THIS POST IS NOW OUT OF DATE. Please see the updated version which warns against using Topaz Labs Denoise AI. For integrity, all the links to the product have been removed from this post.

This video was inspired by a bazillion posts in the Facebook Group about issues, questions or disasters happening when using DeNoise AI. It’s an odd tool to work with and it’s SO easy to over sharpen, over de-noise and over process. I figured I’d pop a quick video together on how I use Topaz Labs DeNoise AI, the settings I personally use and uncover a couple of little tricks to make it work better for you.

The video on this topic is here:

Instead of walking through all of the steps in the little tutorial here, I want to just focus on the core things:

1. Connect as plug-ins

First things first, the best way to use this tool is to have it hooked up to your editing programs as plug-ins/filters. In Lightroom, it’s an “open in…” plugin and in Photoshop CC it’s within the “Filter” menu on the top navigation.

I’m not going to pop the how-to for this step here, because it may change and I don’t want this to be wrong or completely out of date in a week, so I will just link to the Topaz Labs help guides for this here:

With that done, it’s time to explore the actual system itself…

2. Know the different modes

Within the current version of DeNoise AI that I have, there are three “mode” options. In my understanding, the use-cases of these are as follows:

  • DeNoise: The “normal” solution that should work for most cases, Auto will be too strong (see next section)
  • AI Clear: Theoretically best for colour noise but I’ve never used this on a final image
  • Low Light: For use in higher noise situations or with fluffy coats (like Alfies around his head). Reduces detail. Use on a super super low setting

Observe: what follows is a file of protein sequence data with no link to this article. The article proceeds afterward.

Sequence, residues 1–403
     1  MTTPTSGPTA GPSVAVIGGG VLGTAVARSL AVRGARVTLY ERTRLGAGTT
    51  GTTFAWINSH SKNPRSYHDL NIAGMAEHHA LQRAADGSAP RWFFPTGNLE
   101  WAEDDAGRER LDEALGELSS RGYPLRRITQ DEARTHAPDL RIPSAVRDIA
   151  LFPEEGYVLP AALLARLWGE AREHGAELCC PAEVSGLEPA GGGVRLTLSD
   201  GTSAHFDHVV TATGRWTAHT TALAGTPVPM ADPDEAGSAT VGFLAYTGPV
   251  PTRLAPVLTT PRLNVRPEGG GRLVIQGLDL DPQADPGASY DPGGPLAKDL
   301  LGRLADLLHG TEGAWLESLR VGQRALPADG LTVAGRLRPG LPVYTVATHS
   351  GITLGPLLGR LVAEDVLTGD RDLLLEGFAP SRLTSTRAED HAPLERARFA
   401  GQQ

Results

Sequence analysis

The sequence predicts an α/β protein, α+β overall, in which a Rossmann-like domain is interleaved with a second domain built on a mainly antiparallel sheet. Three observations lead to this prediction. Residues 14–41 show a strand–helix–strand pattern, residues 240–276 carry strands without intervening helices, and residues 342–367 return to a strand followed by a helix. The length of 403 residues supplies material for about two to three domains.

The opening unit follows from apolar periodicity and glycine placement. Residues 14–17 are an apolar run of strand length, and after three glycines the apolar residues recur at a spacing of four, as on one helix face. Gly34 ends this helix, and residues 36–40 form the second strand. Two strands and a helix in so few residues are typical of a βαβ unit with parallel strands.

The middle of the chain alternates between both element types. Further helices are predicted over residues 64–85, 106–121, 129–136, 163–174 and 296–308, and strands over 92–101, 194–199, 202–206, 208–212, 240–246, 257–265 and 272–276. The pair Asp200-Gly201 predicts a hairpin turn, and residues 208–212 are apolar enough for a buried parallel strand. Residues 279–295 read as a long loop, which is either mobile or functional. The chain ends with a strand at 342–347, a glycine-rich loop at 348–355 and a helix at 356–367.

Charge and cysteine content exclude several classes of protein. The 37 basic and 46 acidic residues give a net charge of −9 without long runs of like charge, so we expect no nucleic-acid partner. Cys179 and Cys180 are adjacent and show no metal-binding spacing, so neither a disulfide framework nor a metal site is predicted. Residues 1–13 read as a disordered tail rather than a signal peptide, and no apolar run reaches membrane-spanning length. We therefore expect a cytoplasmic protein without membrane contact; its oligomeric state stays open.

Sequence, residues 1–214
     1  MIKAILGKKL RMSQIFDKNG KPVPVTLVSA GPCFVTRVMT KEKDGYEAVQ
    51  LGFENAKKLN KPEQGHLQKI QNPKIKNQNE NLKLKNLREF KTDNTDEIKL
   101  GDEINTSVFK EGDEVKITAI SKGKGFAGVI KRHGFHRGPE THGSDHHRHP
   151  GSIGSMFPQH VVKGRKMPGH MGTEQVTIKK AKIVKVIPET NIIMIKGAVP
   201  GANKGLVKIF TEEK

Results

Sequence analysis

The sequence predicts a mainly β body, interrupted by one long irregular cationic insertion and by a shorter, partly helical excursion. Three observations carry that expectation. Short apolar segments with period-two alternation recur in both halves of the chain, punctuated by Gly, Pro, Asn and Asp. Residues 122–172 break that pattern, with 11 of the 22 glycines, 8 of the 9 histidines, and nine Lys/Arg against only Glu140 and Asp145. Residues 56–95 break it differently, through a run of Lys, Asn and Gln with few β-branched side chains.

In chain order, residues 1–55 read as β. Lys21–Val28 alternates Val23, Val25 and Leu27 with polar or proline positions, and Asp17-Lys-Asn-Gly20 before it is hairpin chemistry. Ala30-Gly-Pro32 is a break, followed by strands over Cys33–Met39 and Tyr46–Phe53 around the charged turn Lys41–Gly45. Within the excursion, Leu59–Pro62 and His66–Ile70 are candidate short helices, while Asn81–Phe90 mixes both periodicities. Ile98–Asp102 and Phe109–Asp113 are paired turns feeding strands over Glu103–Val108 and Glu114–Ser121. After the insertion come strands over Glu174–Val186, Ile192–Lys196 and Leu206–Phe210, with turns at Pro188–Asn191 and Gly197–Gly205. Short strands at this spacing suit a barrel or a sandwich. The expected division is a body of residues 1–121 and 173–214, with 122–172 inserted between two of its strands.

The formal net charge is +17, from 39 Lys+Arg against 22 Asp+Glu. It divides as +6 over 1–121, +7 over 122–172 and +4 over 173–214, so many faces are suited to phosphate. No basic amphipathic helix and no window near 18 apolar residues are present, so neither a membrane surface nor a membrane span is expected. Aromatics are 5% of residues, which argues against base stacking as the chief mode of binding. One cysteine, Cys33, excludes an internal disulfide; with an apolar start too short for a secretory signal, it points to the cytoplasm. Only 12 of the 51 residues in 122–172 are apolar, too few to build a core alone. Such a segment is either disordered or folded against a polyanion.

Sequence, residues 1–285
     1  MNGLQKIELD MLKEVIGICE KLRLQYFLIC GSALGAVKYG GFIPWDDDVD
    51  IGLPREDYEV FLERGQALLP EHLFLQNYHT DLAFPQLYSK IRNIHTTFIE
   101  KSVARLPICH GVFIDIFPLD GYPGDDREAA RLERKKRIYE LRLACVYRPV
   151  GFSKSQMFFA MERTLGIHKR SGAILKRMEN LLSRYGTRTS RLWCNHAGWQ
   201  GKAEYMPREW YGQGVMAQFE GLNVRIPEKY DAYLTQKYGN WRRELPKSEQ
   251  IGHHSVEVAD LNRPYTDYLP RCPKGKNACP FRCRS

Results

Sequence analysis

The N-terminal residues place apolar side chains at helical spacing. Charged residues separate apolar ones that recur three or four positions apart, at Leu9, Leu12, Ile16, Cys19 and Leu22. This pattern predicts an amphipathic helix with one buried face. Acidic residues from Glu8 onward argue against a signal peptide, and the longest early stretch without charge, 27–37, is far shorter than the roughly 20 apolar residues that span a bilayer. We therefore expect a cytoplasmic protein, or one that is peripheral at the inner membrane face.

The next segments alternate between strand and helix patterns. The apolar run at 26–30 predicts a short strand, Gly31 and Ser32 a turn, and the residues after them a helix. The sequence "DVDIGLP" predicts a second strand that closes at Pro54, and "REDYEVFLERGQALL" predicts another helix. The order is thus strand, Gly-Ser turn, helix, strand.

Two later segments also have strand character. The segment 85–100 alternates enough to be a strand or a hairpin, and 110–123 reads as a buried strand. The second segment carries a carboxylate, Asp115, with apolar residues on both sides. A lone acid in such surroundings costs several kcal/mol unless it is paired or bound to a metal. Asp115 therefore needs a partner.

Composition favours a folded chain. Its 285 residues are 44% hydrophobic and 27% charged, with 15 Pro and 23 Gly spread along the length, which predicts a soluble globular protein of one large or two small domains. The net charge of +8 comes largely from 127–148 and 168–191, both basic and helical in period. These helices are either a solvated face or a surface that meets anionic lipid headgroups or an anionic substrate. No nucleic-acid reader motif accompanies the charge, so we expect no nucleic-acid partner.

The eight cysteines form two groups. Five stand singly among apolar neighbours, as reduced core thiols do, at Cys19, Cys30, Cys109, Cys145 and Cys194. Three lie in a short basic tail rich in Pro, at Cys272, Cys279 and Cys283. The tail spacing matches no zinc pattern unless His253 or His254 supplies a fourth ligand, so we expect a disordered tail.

I’ve never used AI Clear, but regularly switch between DeNoise and Low Light depending on the coat of the dog and the level of noise in shot.

3. Don’t overdo it!

The “Auto” settings always overcook the situation for me! Way too much sharpening, the introduction of artefacts and other weird things tend to happen when Auto is running the show.

My advice would be to turn both sliders right down – like 2 or 3 or 4. Then, increase slowly in little sections until your noise is removed appropriately.

Keep sharpening set low, under 10 is usually more than enough! You can always do a high pass sharpen later.

4. Mask when needed

Sometimes you want the details back in places and with some subjects, you lose all coat detail completely (*achem* Horses…) so in these situations, it’s time to mask.

Using the mask button will give you a white mask. That means that DeNoise is effecting the whole image evenly. Use the Sub (black) and Add (white) brushes to regain detail where needed in a targeted way.

You can invert the masks and switch on and off the overlay. You can also adjust your brush settings to suit the area being targeted.


That’s kind of the run down on my list of tips for this tool, I think this should answer all of the questions I’ve seen about it (I hope!). If you have any others, please let me know!